The Great Debate: Public transport is more exciting than space travel
The great debate took place on Friday night, right after Continuum’s opening and awards ceremony. Narelle Harris was the master of ceremonies. I am hoping to get the participants’ notes – well, the notes of those who actually prepared anyway – to post up later. In the meantime, meet the personalities involved…
The topic was ‘Public transport is more exciting than space travel,’ so I was quite surprised when Kathryn Phelps for the negative team, arguing that space travel is more exciting, was designated first speaker. Kathryn’s research was extensive, aided and abetted by hurling chocolates at the audience. After all, the team for the negative were up against the Guest of Honour imported from the US. Kathryn came across as learned and well-informed yet injected humour at key points.
Once Kathryn was out of time, she meekly sat back down.
Kathryn had stuff to say, and MAN DID SHE SAY IT. People even tried to physically wrest her off stage, all to no avail. Eventually Narelle Harris gave up and declared that she wanted to hear the rest of Kathryn’s speech anyway.
Kudos to Kathryn. Her speech was interesting, informative and entertaining but wrestling for control of the limelight was even more so.
Next up was George Ivanoff, first person for the affirmative. George was offered equal time to make up for Kathryn running overtime but declined; in point of fact George’s speech was so short that its brevity brought the debate back on schedule. He argued that public transport was more exciting than space travel but didn’t have an abundance of anecdotes. George largely relied on the unpredictability of public transport as a generator of excitement, comparing it unfavorably to space travel where they ‘plan the shit’ out of trips, with nothing unexpected.
Next up was Paul Collins, second speaker for the negative. Paul was well prepared, with notes that he didn’t get anywhere near through, but DAMN.
REBUT THE OTHER TEAM, PUH-LEAZE. I have two words to answer just about everything George said:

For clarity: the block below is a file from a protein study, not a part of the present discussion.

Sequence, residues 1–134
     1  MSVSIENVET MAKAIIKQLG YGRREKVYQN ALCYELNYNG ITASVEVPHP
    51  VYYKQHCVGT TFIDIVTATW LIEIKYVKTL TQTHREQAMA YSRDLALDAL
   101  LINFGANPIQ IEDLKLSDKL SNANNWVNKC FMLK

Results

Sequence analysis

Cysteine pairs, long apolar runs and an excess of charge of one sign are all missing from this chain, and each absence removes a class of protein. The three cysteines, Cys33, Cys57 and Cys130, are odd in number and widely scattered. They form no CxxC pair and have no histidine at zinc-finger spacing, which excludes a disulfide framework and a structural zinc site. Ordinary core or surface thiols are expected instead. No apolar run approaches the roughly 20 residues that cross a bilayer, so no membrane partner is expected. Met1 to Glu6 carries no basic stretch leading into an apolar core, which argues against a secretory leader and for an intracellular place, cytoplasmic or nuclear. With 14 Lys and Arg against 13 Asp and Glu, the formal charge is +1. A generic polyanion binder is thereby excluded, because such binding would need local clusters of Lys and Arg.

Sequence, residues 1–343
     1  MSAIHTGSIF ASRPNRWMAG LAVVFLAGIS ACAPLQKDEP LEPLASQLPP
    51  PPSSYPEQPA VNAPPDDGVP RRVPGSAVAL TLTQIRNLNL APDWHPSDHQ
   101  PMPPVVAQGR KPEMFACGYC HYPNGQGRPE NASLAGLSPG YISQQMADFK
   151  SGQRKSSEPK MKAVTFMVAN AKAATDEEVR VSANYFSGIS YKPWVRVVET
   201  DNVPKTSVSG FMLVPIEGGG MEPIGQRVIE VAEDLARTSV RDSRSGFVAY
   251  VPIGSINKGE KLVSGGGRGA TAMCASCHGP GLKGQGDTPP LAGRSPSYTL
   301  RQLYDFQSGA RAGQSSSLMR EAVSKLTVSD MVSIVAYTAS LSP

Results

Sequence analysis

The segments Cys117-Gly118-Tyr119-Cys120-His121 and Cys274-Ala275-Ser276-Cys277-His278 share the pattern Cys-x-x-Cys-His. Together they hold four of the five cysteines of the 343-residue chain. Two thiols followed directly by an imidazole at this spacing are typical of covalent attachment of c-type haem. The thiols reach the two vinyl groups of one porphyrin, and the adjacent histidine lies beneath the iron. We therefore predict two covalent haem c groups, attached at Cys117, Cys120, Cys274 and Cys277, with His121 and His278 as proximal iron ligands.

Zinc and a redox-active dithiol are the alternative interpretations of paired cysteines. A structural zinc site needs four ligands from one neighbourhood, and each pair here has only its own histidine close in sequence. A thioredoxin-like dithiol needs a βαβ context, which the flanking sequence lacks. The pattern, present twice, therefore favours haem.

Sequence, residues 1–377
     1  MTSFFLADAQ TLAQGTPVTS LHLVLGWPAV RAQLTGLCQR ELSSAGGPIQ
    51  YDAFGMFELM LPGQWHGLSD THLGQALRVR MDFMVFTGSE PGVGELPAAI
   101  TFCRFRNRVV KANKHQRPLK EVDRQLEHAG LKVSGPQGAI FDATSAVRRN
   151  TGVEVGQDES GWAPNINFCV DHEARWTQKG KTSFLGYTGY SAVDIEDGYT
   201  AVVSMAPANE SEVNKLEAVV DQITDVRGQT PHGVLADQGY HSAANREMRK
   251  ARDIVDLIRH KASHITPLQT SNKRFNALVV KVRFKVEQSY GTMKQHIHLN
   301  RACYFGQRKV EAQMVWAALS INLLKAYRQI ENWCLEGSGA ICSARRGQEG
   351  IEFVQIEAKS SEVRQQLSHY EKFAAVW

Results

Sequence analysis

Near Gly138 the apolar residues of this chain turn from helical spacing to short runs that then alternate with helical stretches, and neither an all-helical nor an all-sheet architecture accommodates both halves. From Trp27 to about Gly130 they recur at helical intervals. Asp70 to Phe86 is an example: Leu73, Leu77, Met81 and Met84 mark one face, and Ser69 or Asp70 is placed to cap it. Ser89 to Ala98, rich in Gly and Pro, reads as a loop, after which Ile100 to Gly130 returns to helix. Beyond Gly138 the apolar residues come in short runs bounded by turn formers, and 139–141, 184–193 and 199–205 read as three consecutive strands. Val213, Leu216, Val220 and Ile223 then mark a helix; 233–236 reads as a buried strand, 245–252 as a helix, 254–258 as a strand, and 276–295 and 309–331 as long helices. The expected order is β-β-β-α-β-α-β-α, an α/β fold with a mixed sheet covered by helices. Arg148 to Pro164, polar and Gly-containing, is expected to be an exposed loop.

Seriously. They planned the shit out of that trip to the moon and So. Much. went wrong. Exciting? YES. And a good movie.
Paul’s arguments were well-thought out, intellectually beating the pants off the opposition.
Next up was N.K. Jemisin, second speaker for the affirmative, who admitted freely that she hadn’t prepared. Nora made a few points, each of which went through one ear and out the other. Later that weekend, Nora shared how she tries to deliberately get lost when she’s in strange cities. She gets on public transport, goes somewhere and tries to get lost because she has the best times when she is completely lost. Nora complained that Melbourne is too orderly so she didn’t manage it here.
AND SHE DIDN’T MENTION ANY OF THIS DURING HER SPEECH.
Come on, I’ve been catching public transport all my life. Hell, my parents hitch-hiked around Australia with me as a baby. I have LOTS of stories to tell. I could have argued for ALL THREE OF THE AFFIRMATIVE TEAM. I had even told Paul before the debate that the affirmative team had the advantage, but… sigh.
Nora is great. Just not great at debating public transport vs space travel.
Next up was Josh Kinal, aka the Suck Fairy as pictured here, standing as third speaker for the negative. This year, Josh redeemed himself from Suck-Fairy-dom. Josh’s speech was not for the faint of heart as it came with IMAGES of EXCITEMENT on public transport FOUND WITH GOOGLE SAFE SEARCH SWITCHED OFF.
Yes, there were GRATUITOUS PENISES (penii?); two of them, in fact, side by side on a train looking like they were comparing, bored and probably jerking off. This was Josh’s most memorable point, emphasising that these guys LOOKED BORED SHITLESS even though they had their ding-a-lings out and were playing with them. Josh had a structured speech with notes as well: have I mentioned how the team arguing the negative were really well-prepared, intelligent and WELL PREPARED?
Finally, Ian Mond sat as third speaker for the affirmative, and argued that going to sleep on what he calls the ‘Sleepy Bus’ is so exciting for him that public transport has to be more exciting than space travel.
He wasn’t trying to support the opposition.
The debate was awarded to Nora’s team. I would have given it to the negative team although I think the affirmative had MUCH more material with which to work; I wonder how often they catch public transport. The real winners were the audience, however, because the debate was the intellectual equivalent of a volleyball game.